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2007, Vol 2 No 1, Article 12


Efficacy of single dose of Ivermectin against


Psoroptic mange in rabbit


K. A. Shah1 & S. Qureshi2

1Laboratory Officer/ In-charge Animal House , Institute of Animal Health  & Biological Production, Zakura, Animal Husbandry Department-Kashmir, Srinagar, Kashmir, India

2Assistant Professor, Division of Veterinary Microbiology & Immunology, Faculty of Veterinary Sciences & Animal Husbandry (SKUAST-K), Shuhama, Aulesteng, Srinagar, Kashmir, India



The study was conducted on New Zealand white rabbits reared under intensive system of housing suffering from mange where Psorptes cuniculi was detected as the etiological agent. A single dose of Ivermectin was found to be highly effective and safe in treating the psoroptic mange in these rabbits.



In India mange infestation caused by Sarcoptes and Psoroptes species is a common disease of rabbits. The disease is more prevalent during stress. Low ambient temperature and high moisture during the winter months favour development of mange mites ( Blood et al, 2002).

Sporadic incidences and outbreaks of mange in rabbits have been reported from India and abroad (Ribbeck, 1976;).



The study was conducted on New Zealand white rabbits reared under intensive system at Animal House, Institute of Animal Health & Biological Products, Zakura. Animals of both sexes aged between 6 months and 3 years revealed symptoms of acute dermatitis, encrustation, loss of hair in face and head region. Skin scrapings were collected and treated with 10% KOH solution. The scrapings were examined for mites following the standard identification technique (Soulsby, 1982).
Thirty five positive cases were randomly allotted to two groups A and B. Animals of group A (n=30) were administered Ivermectin @ 300g/kg body weight subcutaneously as a single dose treatment and animals of group B (n=5) were not given any treatment.
All animals were kept under identical managemental conditions and observed daily for clinical improvement. Skin scrapings were examined on 7th, 14th, 21st and 28th day post-treatment to determine parasitic load.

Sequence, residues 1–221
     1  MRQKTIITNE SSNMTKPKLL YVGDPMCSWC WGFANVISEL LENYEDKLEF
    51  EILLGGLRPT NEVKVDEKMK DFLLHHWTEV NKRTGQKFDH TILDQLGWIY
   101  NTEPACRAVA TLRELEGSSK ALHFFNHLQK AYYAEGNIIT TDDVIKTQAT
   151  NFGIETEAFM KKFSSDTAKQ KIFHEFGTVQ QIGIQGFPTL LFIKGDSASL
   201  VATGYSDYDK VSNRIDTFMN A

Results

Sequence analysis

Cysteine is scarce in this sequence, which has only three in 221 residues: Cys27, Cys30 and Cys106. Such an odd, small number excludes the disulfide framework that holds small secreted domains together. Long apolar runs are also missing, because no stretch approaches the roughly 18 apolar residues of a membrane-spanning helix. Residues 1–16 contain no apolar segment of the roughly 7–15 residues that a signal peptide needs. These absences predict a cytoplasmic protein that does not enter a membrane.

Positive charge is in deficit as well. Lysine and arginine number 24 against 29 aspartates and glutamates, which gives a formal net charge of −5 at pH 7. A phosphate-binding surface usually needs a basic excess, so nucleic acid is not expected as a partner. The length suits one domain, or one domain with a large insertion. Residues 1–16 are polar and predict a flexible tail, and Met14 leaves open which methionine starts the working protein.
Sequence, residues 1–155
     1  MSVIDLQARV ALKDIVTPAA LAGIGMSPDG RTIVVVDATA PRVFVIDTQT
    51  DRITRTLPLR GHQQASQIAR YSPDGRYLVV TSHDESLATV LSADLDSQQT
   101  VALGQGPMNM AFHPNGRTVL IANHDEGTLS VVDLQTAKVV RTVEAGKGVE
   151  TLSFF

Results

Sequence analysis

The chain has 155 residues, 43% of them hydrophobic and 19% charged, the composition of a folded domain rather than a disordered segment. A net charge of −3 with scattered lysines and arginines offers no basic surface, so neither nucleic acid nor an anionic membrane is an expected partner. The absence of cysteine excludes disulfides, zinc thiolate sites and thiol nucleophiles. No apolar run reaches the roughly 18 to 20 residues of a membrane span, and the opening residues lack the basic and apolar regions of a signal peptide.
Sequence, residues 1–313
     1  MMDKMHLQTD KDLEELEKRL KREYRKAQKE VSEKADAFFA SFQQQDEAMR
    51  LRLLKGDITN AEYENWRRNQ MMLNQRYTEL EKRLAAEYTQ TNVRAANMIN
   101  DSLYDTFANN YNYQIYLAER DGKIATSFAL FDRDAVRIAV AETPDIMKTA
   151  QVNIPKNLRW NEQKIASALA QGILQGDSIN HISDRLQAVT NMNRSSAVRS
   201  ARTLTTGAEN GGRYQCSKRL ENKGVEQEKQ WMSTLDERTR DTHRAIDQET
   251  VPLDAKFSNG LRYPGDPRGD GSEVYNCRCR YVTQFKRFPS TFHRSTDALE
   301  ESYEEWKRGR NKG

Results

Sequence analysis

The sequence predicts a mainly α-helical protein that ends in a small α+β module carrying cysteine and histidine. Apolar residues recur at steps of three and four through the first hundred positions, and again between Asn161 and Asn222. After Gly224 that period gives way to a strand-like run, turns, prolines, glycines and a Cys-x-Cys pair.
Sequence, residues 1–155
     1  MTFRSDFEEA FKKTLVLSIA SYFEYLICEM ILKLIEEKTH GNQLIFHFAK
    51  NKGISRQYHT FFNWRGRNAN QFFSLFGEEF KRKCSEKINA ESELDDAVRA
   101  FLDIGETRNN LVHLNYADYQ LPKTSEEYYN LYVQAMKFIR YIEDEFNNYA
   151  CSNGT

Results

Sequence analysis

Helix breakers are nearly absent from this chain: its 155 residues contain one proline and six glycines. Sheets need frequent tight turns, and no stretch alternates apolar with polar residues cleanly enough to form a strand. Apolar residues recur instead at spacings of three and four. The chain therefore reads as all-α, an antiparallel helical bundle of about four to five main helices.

The affected rabbits had developed bald patches at the base of ear, face and the head with yellowish grey scab in some cases provoking violent scratching. Scrapings from these lesions showed presence of eggs, larvae and adult stages of Psoroptes cuniculi mites. Following treatment with Ivermectin, a significant and progressive decline in parasitic load was observed on 7th, 14th and 21st day and the lesions were found negative for mites and their immature stages on 28th day post treatment.

The animals in untreated control group B continued to suffer with acute infection, lesions extending to involve other body parts, revealing presence of active stages of parasites till the end of the experiment. The clinical findings observed in present study were in accordance with earlier reports of Malcolm and Philip (1979).

Ivermectin has been found highly effective at very low concentrations against ectoparasites in domestic animals. Our observations are in concurrence with earlier reports of Pathak and Chaurasia, (2002) and Ramprabhu et al, (2004).
During present study Psorptes cuniculi was detected, a common mange mite affecting both sexes of all age groups of rabbits raised under intensive system. A single dose of Ivermectin was found highly effective and safe in treating Psoroptic mange in rabbits.


The author is grateful to Joint Director, Institute of Animal Health & Biological Products, Zakura, for providing facilities and valuable guidance as well.



  1. Blood, D. C.; Radostits, O. M.; Henderson, J. A. (2002) Veterinary Medicine (8th Ed.) English Language Book Society/Bailliere Tindall p968-95

  2. Chandra, D and Ghosh, S. S. (1990) Indian Veterinary Journal 67:187-88.

  3. Malcolm-Hime, J and Philip, N. O. Donoghue (1979) A Handbook of Diseases of Laboratory Animals (Ist Ed.) Heineman Veterinary Books, London p170-72

  4. Pathak, A. K and Chaurassia, S. K. (2002) Indian Veterinary Medicine 26:175

  5. Ramprabhu, R.; Chellapandian, M; and Balacharan, S.(2004) Indian Veterinary Journal 81: 1051-52

  6. Ribbeck, R. (1976) Veterinary Bulletin 47:606

  7. Soulsby, E. J. L. (1982) Helminths, arthropods and protozoa of domesticated animals (7th Ed.) Bailliere Tindall, London p809








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